As we age, our bodies may start to ache occasionally and some parts of the body have more aches and pains than others. Wrist, thumb and hand pain are common complaints we hear as physical therapists at Life’s Work Physical Therapy. Our blog this week will focus on thumb pain and one of the most common causes, arthritis of the thumb.
The thumb is one of our most important digits. We use it so often for daily functions such as writing, gripping, grasping activities, and life functions like buttoning a shirt, tying our shoes, computer keying and teeth flossing. When we have thumb pain, the easiest of life functions become a painful chore.
Thumb pain is the most common pain found in the hand. It is typically located at the base of thumb, the carpometacarpal joint. It most often occurs from arthritis of the thumb where the cushioning cartilage of the thumb wears thin. This can be the results of trauma or injury to the thumb or can be in association with arthritis found in the rest of the body. Common risk factors for thumb pain from arthritis include: being female, being over the age of 40, having prior or current injury to the thumb, performing a sport or job with high demands on the thumb joint, having hypermobile joints or malformed joint or systemic diseases like rheumatoid arthritis. Diagnosing thumb arthritis is performed with a physical examination by your physical therapist or doctor and can be confirmed with an X-ray. The X-ray shows the health of the bone and also growth of any bone spurs.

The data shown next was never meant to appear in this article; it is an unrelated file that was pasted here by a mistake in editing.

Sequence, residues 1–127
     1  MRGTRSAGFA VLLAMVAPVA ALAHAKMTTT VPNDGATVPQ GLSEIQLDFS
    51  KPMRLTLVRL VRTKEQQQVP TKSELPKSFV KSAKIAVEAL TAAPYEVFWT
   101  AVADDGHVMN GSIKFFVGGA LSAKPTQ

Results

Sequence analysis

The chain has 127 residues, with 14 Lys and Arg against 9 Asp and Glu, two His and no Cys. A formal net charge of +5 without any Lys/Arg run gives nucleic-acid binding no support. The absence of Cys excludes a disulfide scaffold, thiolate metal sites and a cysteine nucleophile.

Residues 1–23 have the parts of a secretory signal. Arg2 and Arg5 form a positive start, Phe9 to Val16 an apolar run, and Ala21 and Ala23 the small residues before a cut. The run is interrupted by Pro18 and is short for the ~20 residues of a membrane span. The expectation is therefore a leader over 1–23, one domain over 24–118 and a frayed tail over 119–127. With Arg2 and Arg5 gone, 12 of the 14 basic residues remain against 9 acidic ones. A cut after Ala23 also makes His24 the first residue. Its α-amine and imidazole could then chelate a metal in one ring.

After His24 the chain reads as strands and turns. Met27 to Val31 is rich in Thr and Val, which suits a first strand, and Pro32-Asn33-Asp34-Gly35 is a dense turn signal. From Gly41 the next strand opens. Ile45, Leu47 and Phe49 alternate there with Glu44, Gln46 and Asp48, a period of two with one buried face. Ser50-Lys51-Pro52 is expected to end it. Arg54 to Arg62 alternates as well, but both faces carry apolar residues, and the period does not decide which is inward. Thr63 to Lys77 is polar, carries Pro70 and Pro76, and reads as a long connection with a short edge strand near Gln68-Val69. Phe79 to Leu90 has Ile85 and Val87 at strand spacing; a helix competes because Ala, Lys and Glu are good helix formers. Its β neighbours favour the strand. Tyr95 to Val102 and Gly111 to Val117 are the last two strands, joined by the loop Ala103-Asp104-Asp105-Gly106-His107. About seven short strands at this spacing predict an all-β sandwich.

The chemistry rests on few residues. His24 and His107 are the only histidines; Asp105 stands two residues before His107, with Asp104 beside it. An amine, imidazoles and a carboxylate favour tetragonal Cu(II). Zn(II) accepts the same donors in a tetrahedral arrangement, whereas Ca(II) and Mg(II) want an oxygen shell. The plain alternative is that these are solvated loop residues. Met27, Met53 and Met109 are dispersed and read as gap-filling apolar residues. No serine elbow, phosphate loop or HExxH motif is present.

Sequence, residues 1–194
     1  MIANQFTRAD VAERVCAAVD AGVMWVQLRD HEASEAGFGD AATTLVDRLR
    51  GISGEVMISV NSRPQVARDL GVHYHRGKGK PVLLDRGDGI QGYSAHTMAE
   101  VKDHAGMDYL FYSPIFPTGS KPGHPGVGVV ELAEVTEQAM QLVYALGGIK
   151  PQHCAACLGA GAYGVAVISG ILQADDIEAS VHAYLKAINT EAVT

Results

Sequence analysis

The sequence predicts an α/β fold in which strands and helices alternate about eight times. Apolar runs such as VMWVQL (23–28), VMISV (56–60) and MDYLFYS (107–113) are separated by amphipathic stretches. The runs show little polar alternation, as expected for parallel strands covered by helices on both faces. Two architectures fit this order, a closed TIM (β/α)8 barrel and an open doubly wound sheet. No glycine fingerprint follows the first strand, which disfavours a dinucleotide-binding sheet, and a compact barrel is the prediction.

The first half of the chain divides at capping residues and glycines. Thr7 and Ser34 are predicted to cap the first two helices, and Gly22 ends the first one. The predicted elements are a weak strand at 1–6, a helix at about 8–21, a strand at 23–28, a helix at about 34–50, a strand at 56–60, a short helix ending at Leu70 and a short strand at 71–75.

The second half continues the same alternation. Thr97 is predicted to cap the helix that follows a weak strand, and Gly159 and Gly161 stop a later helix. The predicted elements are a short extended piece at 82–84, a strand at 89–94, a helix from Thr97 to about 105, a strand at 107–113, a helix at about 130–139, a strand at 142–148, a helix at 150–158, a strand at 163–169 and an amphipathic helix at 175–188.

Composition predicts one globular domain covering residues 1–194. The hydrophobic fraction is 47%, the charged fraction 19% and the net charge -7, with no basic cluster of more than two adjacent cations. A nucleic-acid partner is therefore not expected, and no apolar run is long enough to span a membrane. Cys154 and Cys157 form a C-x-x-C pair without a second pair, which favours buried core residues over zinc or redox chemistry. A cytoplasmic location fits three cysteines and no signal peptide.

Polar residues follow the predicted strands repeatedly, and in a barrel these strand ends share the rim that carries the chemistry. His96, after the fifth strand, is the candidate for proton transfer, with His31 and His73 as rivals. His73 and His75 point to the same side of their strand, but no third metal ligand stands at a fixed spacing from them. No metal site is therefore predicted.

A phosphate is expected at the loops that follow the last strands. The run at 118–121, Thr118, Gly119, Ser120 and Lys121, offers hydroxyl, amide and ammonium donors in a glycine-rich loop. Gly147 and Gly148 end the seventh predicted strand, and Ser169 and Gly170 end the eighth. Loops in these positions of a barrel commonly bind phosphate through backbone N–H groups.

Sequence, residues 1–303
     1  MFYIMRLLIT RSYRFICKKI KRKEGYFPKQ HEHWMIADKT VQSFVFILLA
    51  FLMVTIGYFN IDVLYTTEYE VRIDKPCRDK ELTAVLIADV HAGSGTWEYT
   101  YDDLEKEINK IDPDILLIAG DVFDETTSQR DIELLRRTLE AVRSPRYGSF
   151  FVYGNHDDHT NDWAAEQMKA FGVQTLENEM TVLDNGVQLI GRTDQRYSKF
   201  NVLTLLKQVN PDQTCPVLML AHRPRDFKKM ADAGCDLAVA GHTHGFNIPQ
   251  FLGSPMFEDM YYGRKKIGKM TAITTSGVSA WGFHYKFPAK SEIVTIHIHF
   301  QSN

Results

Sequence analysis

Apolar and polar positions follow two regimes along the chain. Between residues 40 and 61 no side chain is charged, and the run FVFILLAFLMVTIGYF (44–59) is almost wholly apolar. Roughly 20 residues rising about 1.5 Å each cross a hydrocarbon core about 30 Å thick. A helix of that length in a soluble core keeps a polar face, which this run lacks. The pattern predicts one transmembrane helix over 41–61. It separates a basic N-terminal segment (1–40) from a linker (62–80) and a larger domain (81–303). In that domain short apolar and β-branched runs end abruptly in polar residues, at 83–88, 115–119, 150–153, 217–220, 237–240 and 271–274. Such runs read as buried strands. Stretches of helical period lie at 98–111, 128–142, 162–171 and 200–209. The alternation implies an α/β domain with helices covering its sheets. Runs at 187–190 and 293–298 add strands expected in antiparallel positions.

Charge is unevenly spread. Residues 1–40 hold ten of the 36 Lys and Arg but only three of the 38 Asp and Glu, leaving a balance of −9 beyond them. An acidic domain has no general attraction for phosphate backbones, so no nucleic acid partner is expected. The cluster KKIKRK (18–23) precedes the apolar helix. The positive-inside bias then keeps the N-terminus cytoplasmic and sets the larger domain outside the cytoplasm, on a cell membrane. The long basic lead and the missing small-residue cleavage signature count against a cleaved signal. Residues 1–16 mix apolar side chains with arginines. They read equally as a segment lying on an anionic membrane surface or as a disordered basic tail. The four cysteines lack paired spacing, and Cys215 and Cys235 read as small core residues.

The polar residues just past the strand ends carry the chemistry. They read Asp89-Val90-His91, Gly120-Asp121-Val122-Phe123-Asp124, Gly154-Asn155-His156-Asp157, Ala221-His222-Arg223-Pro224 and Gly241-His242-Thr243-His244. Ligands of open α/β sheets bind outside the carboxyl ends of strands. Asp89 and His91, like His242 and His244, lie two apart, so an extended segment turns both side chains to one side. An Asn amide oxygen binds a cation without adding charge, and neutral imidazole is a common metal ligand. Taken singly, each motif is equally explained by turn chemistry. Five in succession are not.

Arthritis may lead to swelling, stiffness and pain with daily tasks, and sometimes a red or enlarged looking joint at the base of the thumb. In physical therapy, common treatments for thumb arthritis include joint mobilizations to decrease stiffness and swelling, splinting, strengthening of the hand muscles, activity modification, ergonomics consultation, and home exercises. If symptoms to do abate with physical therapy, sometimes we recommend consultation with a medical provider for medications, corticosteroid injections and very rarely, surgery. In most cases, thumb arthritis can be treated conservatively with physical therapy and lifestyle modifications.
If you are experiencing thumb pain, please contact your physical therapist to schedule an evaluation.